SA stonefruit exports lose US$65.8M due to new European rules

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SA stonefruit exports lose US$65.8M due to new European rules

South African export prices for stonefruit were more than 10% lower than the previous season partly due to tougher rules on broken stones in European supermarkets, according to trade body Hortgro.

Agricultural economics information manager Mariette Kotzé, said supermarkets used to allow 5-10% of fruit with broken stones in the class one category but this year they changed the rules to zero tolerance.

"We had a large amount of fruit with broken stones; although the quality is fine, obviously some of our class one exports had to go down to two which meant we lost about ZAR500 million (US$65.8 million)  because of this," explained Kotze.

Another factor for lower prices was oversupply in Europe with Chilean volumes 10% higher in key South African markets such as continental Europe, the U.K., the Middle East and the Far East.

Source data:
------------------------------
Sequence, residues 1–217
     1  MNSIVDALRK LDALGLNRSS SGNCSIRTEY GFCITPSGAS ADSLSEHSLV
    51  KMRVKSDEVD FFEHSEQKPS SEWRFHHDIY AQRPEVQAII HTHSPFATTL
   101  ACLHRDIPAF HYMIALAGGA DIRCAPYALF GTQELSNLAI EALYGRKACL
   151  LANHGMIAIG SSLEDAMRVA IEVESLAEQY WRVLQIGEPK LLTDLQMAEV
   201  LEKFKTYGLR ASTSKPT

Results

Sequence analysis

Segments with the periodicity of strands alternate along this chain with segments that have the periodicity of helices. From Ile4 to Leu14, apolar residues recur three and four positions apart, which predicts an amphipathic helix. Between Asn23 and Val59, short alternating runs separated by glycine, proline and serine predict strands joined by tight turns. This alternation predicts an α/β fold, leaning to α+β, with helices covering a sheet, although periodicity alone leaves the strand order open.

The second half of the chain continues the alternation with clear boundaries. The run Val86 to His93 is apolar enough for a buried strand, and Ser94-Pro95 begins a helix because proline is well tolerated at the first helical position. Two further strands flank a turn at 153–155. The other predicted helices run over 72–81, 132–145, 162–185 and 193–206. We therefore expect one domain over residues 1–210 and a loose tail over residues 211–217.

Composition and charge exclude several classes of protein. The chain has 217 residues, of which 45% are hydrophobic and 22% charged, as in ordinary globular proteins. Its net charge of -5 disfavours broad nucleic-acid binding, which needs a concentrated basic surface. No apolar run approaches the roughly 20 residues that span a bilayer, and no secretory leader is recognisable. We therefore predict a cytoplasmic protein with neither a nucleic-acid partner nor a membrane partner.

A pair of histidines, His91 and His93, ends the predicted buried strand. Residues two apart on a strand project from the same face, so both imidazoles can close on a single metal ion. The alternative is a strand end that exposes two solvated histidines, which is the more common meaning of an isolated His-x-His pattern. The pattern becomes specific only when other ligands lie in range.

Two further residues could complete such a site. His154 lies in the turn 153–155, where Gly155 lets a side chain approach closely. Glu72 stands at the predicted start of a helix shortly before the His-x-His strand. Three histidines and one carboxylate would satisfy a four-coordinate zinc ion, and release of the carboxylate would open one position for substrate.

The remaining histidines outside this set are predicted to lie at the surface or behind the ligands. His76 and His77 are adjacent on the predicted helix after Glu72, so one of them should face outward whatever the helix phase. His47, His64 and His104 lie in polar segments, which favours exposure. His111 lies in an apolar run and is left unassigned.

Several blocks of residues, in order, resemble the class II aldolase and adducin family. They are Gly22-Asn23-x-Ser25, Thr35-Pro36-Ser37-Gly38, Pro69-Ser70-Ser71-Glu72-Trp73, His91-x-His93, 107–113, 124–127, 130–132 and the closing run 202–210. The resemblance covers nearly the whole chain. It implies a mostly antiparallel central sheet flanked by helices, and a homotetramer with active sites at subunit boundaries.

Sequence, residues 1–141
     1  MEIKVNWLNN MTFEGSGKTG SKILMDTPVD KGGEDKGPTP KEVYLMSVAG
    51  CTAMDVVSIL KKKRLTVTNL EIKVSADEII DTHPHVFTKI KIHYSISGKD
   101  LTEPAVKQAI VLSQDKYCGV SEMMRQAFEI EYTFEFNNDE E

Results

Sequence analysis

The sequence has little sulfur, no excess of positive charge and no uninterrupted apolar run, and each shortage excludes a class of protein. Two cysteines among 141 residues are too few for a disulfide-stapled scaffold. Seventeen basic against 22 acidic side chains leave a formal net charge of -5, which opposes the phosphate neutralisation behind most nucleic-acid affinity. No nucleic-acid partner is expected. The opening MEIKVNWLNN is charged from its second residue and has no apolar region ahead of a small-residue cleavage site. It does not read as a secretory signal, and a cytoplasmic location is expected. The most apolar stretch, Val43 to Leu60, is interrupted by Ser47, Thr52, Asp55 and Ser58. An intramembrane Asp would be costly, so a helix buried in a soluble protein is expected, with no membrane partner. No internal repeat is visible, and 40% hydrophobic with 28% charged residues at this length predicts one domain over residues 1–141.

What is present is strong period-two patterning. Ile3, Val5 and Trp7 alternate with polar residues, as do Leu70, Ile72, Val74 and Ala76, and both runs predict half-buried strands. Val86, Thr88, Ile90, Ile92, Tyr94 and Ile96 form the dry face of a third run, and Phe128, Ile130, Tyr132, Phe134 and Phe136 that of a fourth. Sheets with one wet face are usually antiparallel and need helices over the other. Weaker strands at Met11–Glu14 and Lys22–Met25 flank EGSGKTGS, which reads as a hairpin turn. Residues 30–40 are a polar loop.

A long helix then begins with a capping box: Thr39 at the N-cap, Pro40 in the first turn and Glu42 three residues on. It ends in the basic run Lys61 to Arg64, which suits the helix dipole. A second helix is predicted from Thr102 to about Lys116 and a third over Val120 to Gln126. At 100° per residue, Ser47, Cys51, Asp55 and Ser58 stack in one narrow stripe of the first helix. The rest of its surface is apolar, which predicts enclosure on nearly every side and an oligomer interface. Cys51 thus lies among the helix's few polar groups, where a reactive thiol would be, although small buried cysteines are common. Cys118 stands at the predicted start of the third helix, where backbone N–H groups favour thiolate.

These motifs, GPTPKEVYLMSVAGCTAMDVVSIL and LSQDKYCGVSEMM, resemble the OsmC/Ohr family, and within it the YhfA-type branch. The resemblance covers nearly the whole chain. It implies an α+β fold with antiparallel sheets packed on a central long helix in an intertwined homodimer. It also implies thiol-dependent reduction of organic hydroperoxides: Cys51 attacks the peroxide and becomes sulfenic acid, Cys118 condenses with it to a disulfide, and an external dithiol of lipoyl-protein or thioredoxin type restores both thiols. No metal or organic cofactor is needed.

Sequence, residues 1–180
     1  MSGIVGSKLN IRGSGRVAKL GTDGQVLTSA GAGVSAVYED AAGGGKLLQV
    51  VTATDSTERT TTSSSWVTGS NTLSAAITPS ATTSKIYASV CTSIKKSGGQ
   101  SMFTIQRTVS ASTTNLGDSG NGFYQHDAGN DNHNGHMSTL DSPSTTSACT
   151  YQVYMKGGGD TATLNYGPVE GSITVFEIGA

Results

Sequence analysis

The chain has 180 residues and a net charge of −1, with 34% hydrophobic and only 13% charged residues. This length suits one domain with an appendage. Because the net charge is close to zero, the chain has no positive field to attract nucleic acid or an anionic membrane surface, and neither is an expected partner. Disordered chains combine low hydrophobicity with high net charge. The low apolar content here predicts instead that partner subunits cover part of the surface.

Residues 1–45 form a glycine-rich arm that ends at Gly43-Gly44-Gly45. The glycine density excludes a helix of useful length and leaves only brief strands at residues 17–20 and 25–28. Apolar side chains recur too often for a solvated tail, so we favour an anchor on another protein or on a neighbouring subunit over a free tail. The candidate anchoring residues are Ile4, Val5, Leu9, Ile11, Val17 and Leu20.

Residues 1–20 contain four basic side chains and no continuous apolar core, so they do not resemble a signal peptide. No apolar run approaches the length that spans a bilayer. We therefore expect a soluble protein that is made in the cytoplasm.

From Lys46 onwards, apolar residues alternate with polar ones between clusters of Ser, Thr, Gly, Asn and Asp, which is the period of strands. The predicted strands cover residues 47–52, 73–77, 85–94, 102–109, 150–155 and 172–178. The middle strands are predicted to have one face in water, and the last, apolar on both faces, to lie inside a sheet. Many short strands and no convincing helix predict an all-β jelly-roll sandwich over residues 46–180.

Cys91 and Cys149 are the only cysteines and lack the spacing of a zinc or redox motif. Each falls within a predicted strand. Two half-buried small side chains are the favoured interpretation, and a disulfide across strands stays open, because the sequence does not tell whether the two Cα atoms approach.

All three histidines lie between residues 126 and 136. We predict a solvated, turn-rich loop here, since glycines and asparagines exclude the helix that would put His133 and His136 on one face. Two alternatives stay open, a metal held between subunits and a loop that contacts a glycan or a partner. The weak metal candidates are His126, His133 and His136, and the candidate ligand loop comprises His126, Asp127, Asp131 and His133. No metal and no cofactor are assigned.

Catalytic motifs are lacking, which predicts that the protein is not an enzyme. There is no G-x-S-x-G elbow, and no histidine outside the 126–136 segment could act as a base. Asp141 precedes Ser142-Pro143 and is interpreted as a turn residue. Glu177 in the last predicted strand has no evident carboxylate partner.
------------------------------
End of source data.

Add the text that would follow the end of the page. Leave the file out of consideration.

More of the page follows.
South Africa had a bumper season with apricots showing a 46% year-on-year increase in shipments, followed by nectarines and peaches at 40% and 20% respectively.

The plum harvest too was good, replicating the record levels of the previous season with 49,350 metric tons (MT) shipped, which was partly due to African Delight plums exceeding expectations by 25%.

"Our volumes of nectarines and plums will increase dramatically over the next few years because of our rate of new plantings. The competition from Chile, from next season onwards is going to get stiffer. We have to drive demand and search for new markets."

She said it would be important to avoid dramatic peaks in supply and that new technologies to lengthen the shelf-life would be increasingly important.

South Africa has used smart fresh technology where ethylene, which fruit produces when it ripens, is removed to slow down growth on Forelle pears and Sungold plums.

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